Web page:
Evgeny Shumilkin goes to work on Sunday. To prepare, he removed the familiar «M» from his McDonald’s shirt and covered the «M» on his McDonald’s jacket with a Russian flag patch.
“It will be the same buns,” promised Mr. Shumilkin, who maintains equipment at a restaurant in Moscow. «Only under a different name.»
McDonald’s restaurants are reopening in Russia this weekend, but without the Golden Arches. After the American fast food giant withdrew from a protest against President Vladimir Putin’s invasion of Ukraine this spring, the Siberian oil tycoon bought its 840 stores in Russia. Since almost all ingredients were sourced from the country, restaurants could continue to serve most of the same food, he said.
The gambit may just work, highlighting the surprising resilience of the Russian economy in the face of one of the most intense sanctions flurries ever imposed by the West. In the three and a half months of the war, it has become clear that the sanctions — and the flood of Western companies voluntarily leaving Russia — have failed to completely destroy the economy or spark a popular backlash against Mr. Putin.
Russia has spent most of Putin’s 22 years in office integrating into the global economy. Disentangling such large and such intertwined business ties is not easy.
To be sure, the impact of the sanctions will be deep and wide, and the effects are just beginning to show. Living standards in Russia are already declining, economists and businessmen say, and the situation is likely to worsen as import stocks dwindle and more companies announce layoffs.
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Some of Russia’s amateur efforts may not be up to Western standards. When the first post-sanction model of the Lada Granta — a Russian sedan produced jointly with Renault before the French automaker withdrew this spring — rolled off the production line at a plant near the Volga on Wednesday, it lacked airbags, state-of-the -art pollution control. or anti-lock brakes.
But the economic downturn is not as rapid as some experts expected after the Feb. 24 invasion. Inflation is still high, around 17 percent year on year, but it has eased from a 20-year high in April. A closely monitored indicator of factory activity, the S&P Global Purchasing Managers’ Index, showed Russian production rose in May for the first time since the start of the war.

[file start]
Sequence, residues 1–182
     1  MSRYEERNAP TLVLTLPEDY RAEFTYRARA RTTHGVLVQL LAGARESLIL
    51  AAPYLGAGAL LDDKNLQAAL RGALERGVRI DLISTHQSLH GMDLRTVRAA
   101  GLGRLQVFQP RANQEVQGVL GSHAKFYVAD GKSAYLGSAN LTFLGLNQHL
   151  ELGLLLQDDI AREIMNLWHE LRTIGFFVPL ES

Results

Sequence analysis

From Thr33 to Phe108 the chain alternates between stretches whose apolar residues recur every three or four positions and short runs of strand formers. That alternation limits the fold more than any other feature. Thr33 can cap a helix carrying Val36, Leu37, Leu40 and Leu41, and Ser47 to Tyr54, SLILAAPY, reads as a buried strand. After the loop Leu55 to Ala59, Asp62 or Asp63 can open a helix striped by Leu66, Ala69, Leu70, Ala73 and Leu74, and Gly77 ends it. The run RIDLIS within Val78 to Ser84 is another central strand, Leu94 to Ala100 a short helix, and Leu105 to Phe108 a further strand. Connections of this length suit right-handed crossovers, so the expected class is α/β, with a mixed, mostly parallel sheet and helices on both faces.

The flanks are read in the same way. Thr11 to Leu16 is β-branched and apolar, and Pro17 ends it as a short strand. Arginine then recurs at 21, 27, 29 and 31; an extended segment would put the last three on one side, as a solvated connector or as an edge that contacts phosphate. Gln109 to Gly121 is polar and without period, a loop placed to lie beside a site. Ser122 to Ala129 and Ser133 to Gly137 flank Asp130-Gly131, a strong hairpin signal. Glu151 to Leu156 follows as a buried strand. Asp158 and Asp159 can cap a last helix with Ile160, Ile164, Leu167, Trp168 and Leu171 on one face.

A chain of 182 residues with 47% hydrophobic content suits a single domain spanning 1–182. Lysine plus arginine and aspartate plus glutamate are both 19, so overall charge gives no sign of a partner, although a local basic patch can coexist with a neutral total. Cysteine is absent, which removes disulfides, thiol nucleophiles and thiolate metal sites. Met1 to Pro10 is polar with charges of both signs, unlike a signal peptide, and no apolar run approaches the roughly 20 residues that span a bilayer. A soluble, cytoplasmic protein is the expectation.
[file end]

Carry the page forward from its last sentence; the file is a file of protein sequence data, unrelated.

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Behind the positive news is a combination of factors playing into Mr. Putin’s hands. Chief among them: high energy prices, which allow the Kremlin to continue to finance the war while raising pensions and wages to appease ordinary Russians. The country’s oil revenues have grown by 50 percent this year.
In addition, the deft work of the Central Bank prevented a panic in the financial markets after the invasion and helped the ruble recover from the initial collapse. Store shelves remain stocked for the most part, thanks to large inventories and the creation of alternative import routes through countries such as Turkey and Kazakhstan, and the fact that Russian consumers are buying less.
Even the new Lada Granta is less bulky than observers predicted: despite the lack of foreign components, it will still come with power steering and power windows.
“Things are not as bad as expected,” the Russian automotive website said.
The survival of the Russian economy plays into Mr. Putin’s hands, bolstering his claims that Russia will stand up to the West’s determination to destroy it. On Thursday, he met with young entrepreneurs at a town hall-style event in what was his latest attempt to show that even while he was at war, he was committed to keeping the economy functioning and foreign trade growing. He insisted that even if the West didn’t do business with Russia, the rest of the world would.
“We won’t have a closed economy,” Mr. Putin told a woman asking about the impact of the sanctions. «If someone tries to limit us in some way, he limits himself.»
For the wealthy, luxuries and iPhones are still widely available, but cost more and are shipped to Russia from the Middle East and Central Asia. The poor have been hurt by rising prices, but they will benefit from the 10 percent increase in pensions and the minimum wage that Mr. Putin announced last month.
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The urban middle class has been hardest hit by the economic upheaval. Foreign goods and services are now increasingly difficult to obtain, Western employers are leaving, and travel abroad is becoming difficult and prohibitively expensive.
But Natalya V. Zubarevich, an expert in social and political geography at Moscow State University, notes that many middle-class Russians have no choice but to adapt to a lower standard of living: